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Local Radio & TV Industries Creates $1.17 Trillion in GDP


Woods & Poole
Woods & Poole

The local commercial broadcast radio and television industries generates a whopping $1.17 trillion of Gross Domestic Product (GDP) and 2.47 million jobs through direct and stimulative effect on the American economy, according to a new study by Woods & Poole Economics with support from BIA Advisory Services. The analysis examines local broadcasting's impact on the economy through direct employment, its ripple effect on other industries and as an advertising medium for messaging consumers. Local radio and television's influence on the national economy, as well as all 50 states and the District of Columbia, is broken out in the study.

"America's local broadcast radio and TV stations play a unique role in every community across the country. They keep citizens informed with local news, viewers entertained with the most-watched programming and families safe with lifeline emergency information," said NAB President and CEO Gordon Smith. "But broadcasting plays a pivotal economic role as well, creating hundreds of thousands of well-paying jobs while helping hometown small businesses reach local consumers through advertising."

The study found that direct employment from local commercial broadcasting, which includes jobs at local radio and television stations as well as in advertising and programming, is estimated at more than 318,000 jobs, generating more than $53 billion annually in economic impact. Broadcast radio provides over 130,000 jobs that result in more than $21 billion in GDP, while broadcast television accounts for over 188,000 of these jobs and more than $31 billion in GDP. Of the 318,000 jobs provided through direct employment, about one-third are tied to industries supporting local broadcasting.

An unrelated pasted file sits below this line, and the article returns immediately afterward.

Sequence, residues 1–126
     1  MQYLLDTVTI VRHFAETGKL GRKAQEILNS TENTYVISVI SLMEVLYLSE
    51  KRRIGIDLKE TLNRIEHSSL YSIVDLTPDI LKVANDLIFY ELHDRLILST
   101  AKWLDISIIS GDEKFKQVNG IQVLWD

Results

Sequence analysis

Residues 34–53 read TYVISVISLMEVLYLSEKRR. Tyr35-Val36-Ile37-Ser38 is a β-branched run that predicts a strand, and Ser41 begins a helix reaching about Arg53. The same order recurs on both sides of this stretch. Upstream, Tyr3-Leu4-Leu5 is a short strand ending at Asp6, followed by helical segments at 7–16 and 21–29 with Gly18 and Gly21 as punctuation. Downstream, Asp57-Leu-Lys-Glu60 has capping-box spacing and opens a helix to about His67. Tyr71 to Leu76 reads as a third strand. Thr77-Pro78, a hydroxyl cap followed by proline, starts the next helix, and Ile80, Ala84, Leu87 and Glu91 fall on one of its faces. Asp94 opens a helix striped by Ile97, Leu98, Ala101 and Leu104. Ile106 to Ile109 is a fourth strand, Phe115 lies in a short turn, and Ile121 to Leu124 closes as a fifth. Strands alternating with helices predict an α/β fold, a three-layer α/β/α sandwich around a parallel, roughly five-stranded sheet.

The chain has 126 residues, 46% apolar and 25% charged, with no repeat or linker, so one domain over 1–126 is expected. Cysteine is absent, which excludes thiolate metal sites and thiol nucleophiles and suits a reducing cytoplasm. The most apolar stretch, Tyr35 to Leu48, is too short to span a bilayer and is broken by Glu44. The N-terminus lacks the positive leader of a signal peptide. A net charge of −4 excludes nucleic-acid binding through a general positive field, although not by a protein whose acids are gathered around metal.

"Other industries are impacted by local television and radio broadcasting because they provide goods and services used in creating local television and radio broadcasting and advertising," said the study. "Industries as varied as telecommunications, public utilities, manufacturing, transportation and retail trade provide inputs into the production of local television and radio broadcasting."

The study also examined the ripple effect employment in local broadcast radio and television has on local economies through the consumption of goods and services by industry employees. Local broadcasting has a ripple effect on other industries of over $132 billion in GDP and more than 794,000 jobs, the report concluded.

"The income from local television and radio broadcast jobs flows through the economy creating additional jobs and income in various economic sectors," said the study. "A job in local television and radio broadcast stations multiplies itself by helping create jobs in construction, farming, mining, state and local government and all other economic sectors. The workers in the industries supplying goods and services to local television and radio broadcast workers in turn consume goods and services."

Local broadcasting's largest impact on the American economy stems from its role as a forum for advertising of goods and services that stimulates economic activity, Woods & Poole found. The study estimated local broadcast radio and TV advertising generated over $988 billion in GDP and supports 1.36 million jobs.

"Local television and radio advertising serves an important role for both consumers and businesses in providing economic information on product prices and features," said the study. "Reaching all United States households, local broadcast television and radio stations provide consumers with highly valued marketplace information and businesses with immediate economic and competitive intelligence. In this way, broadcast television and radio stations have their most significant impact on economic growth."

Woods & Poole analyzed only local commercial broadcast radio and television stations including locally owned and operated commercial stations, network affiliate stations and independent stations. Noncommercial radio and TV stations and the operations of over-the-air broadcast networks were not part of the analysis, except for networks' owned-and-operated local television stations. The study was commissioned by the National Association of Broadcasters.

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